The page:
Wednesday, June 21, 2023
Tuesday, June 13, 2023
According to Newsline, several planned station sites were rendered unusable by the floods, but organizers say replacement sites have been found.
At press time, the logistics for those new sites were still being worked out, but organizers were confident everything would be ready in time for the international competition on July 8-9. Additional donations were being sought to cover added expenses associated with these last-minute changes. For updates, visit <wrtc2022.it>.
This is an increase of 2000 over 2022, the show's first year back after two pandemic-prompted cancellations. It is also a record for the Hamvention's "new" site at the Greene County Fairgrounds and Expo Center, eclipsing the 2019 record of 32,472.
President Biden has nominated telecommunications attorney Anna Gomez to fill a vacant seat on the FCC and break the long-standing 2-2 Republican / Democratic tie on the commission that has blocked significant action.
FCC Nominee Anna Gomez
According to RadioWorld, Gomez currently works for the State Department, leading preparations for U.S. participation in the World Radiocommunication Conference scheduled for later this year. She served previously as deputy administrator of the National Telecommunications and Information Administration (NTIA – which serves many of the same functions of the FCC relating to federal government spectrum usage) and spent 12 years as an FCC staffer, rising to Deputy Chief of the International Bureau. Her nomination is subject to Senate confirmation.
Mr. Biden also nominated current FCC commissioners Brendan Carr, a Republican, and Geoffrey Starks, a Democrat, to serve additional terms. Carr has been a commissioner since 2017; Starks since 2019. The five-member FCC is structured to have at least two members from each major political party, with the fifth position filled by a member of the President's party.
|Chip Margelli, K7JA, became a Silent Key|
in late May. (WB6NOA photo)
In mid-May, just before he was to be inducted into the CQ Contest Hall of Fame, Bernhard "Ben" Buettner, DL6RAI, died as a result of a tower accident at his contest station in Aruba. Ben was a leader of the contesting community in Germany, and indeed, worldwide. He served on the CQ World Wide Contest Committee and was a major part of the organizing team for the 2018 World Radiosport Team Championship (WRTC) in Germany. In 2014, he purchased the P49V contest station in Aruba from Carl Cook, AI6V/P49V (now an SK), and he was working on antennas there when his key was silenced by a tower accident.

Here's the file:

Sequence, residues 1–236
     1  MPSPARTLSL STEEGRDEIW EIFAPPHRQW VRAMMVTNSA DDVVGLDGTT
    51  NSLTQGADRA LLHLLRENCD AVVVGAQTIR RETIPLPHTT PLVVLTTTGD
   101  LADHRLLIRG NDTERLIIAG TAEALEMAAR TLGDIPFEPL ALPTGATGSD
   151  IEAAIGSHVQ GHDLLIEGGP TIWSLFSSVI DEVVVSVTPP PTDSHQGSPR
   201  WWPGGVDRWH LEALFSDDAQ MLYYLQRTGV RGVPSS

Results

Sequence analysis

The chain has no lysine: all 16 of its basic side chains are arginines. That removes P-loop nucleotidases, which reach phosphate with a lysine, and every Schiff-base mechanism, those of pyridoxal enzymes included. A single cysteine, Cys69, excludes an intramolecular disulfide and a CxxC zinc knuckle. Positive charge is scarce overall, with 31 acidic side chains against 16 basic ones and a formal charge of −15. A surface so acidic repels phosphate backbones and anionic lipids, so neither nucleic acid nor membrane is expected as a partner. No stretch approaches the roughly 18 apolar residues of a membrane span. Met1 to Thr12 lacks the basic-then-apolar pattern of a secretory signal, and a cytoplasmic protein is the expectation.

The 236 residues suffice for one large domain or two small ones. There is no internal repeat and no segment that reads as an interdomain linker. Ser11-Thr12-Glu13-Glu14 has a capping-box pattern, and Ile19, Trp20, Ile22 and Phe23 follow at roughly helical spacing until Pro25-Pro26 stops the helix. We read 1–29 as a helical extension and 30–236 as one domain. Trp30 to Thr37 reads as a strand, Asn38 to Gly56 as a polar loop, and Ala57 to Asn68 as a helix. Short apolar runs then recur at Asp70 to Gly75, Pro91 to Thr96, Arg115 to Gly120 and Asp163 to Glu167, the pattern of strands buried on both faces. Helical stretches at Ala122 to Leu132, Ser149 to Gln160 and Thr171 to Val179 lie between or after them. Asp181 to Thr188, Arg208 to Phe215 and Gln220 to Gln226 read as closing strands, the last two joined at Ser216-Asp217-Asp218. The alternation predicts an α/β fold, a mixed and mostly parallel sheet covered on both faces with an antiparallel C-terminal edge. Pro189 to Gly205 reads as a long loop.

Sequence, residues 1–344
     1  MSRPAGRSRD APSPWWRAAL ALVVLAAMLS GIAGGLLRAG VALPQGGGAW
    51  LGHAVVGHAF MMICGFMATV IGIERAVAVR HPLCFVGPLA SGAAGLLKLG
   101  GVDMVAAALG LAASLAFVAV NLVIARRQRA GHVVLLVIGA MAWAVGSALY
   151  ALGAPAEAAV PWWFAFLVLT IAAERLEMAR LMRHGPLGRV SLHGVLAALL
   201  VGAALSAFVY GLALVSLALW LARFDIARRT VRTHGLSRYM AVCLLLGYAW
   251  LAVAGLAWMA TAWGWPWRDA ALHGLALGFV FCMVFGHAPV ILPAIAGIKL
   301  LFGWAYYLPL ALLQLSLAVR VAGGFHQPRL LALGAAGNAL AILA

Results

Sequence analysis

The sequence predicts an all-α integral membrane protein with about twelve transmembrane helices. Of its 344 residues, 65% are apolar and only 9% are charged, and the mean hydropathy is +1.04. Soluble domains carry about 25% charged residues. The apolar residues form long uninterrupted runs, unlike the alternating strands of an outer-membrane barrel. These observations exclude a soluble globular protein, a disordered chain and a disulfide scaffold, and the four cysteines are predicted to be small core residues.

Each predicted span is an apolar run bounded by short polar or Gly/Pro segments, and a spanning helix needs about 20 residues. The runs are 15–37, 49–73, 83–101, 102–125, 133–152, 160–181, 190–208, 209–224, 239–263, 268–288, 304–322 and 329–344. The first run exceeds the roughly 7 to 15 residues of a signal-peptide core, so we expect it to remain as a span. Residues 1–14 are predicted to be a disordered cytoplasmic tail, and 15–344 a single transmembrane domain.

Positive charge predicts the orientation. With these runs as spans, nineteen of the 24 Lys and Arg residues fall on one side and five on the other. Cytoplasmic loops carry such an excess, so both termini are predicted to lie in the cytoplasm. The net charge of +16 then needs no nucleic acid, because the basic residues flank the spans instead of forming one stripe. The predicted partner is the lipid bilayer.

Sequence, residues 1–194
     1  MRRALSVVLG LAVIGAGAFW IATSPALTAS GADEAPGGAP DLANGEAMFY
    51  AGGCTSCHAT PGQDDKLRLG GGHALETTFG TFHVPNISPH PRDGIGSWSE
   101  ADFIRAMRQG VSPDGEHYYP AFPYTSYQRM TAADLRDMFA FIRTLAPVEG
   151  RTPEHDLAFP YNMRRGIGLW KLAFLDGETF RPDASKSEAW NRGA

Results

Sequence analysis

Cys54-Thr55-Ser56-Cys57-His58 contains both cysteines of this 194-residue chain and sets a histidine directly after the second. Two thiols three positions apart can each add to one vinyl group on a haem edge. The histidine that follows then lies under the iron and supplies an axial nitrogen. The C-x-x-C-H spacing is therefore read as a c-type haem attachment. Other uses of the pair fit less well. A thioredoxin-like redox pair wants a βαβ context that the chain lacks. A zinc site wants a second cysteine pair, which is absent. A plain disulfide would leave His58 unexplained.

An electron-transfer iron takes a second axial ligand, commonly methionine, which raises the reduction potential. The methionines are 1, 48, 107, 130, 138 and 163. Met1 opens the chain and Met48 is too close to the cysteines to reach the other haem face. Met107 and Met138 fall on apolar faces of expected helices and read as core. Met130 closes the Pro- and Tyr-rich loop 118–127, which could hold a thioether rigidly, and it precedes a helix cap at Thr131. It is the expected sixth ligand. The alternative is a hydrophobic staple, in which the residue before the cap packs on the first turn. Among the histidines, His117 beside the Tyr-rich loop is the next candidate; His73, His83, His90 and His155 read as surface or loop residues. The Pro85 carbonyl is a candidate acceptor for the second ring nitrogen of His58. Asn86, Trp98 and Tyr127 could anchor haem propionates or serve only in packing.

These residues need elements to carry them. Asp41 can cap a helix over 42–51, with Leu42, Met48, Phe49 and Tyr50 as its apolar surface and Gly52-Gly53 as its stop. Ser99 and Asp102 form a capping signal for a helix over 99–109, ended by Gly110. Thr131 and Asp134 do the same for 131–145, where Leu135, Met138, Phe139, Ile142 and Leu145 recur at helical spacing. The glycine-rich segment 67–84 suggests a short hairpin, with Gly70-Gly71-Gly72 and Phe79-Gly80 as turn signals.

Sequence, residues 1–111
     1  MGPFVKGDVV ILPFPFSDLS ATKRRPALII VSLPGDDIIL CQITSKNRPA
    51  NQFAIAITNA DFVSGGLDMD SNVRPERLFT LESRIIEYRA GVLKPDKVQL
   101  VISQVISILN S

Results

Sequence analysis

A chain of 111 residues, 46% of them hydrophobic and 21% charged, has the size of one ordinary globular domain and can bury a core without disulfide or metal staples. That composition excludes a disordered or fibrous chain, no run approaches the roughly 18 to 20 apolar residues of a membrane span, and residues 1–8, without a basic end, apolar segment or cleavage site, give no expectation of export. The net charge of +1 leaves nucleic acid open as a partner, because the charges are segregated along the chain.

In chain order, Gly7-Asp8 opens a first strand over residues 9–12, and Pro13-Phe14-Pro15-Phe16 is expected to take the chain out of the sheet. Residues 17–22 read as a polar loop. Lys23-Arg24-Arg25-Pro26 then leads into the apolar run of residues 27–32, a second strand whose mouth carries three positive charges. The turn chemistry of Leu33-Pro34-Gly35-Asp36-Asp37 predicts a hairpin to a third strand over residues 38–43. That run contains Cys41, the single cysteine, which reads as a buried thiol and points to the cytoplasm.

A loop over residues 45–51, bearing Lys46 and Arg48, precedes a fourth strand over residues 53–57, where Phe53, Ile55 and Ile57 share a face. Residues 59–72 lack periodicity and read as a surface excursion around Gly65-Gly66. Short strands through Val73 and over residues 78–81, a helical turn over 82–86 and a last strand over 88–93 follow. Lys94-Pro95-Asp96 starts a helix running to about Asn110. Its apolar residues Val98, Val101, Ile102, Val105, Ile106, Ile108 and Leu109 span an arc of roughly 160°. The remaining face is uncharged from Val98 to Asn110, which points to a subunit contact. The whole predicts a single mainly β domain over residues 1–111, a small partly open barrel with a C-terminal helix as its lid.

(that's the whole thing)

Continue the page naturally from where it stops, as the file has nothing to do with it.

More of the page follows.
Finally, former ARRL and CQ staffer Peter O'Dell, WB2D, passed away in early June. Peter and CQ columnist Wayne Yoshida, KH6WZ, were the ARRL's public relations team in the 1980s when Owen Garriott, W5LFL, took ham radio into space for the first time, and Pete was the founding editor of the ARRL Letter. At CQ, O'Dell was involved in a variety of special projects, including the launch of CQ's long-running series of buyer's guides, and he authored Ham Radio Horizons – The Book to introduce new and prospective amateurs to the hobby. After leaving CQ, Peter launched his own business helping hams learn Morse code through hypnosis.
ARRL: Letter, the new MOA "emphasizes the importance of skilled amateur radio operators in times of crisis and the role of ARES (Amateur Radio Emergency Service) leadership within the emergency communications space."
|Six-time individual Cass Award |
winner SP9FIH. (Photo from
Cass Award website)
The sponsors report that the 2022 single-op winner, for the sixth year in a row, is Janusz Wegryzn, SP9FIH, who worked 10,771 different stations from St. Barthelemy Island during a two-week one-person DXpedition as FJ/SP9FIH.
The unlimited class, or group DXpedition, award for 2022 went to the team that operated TY0RU from Benin last October, contacting 33,553 unique call signs, a new record for the unlimited Cass award.
The awards are named for the late Hugh Cassidy, WA6AUD, longtime publisher of the West Coast DX Bulletin. More information is available at <http://www.cassaward.com>.
The ARRL Letter reports that Philip J. Beaudet, N6PJB, of Burney, California, was cited for "willfully and repeatedly interfering with the radio communications of the Western Amateur Radio Friendship Association (WARFA) while it was attempting to hold a regularly scheduled net, and for failing to provide station identification on amateur radio frequencies." According to the report, FCC field agents monitored the transmission of recordings that caused interference and tracked the signals to Beaudet's home station.
According to the ARRL Letter, the agency had previously delegated amateur licensing to the Australian Maritime College, which decided not to renew the arrangement when it expires early next year. A corps of volunteer "assessors" (examiners) organized by the college will remain in place and will administer exams directly on behalf of the government.
According to the AMSAT News Service, the Sapling Magnifica satellite's primary mission will be to prove several key technologies needed for future Stanford Student Space Initiative satellites to host scientific payloads. The International Amateur Radio Union has coordinated downlink frequencies of 437.400 and 2427.00 MHz. Launch is tentatively planned for later this year. More information is available at <https://github.com/stanford-ssi>.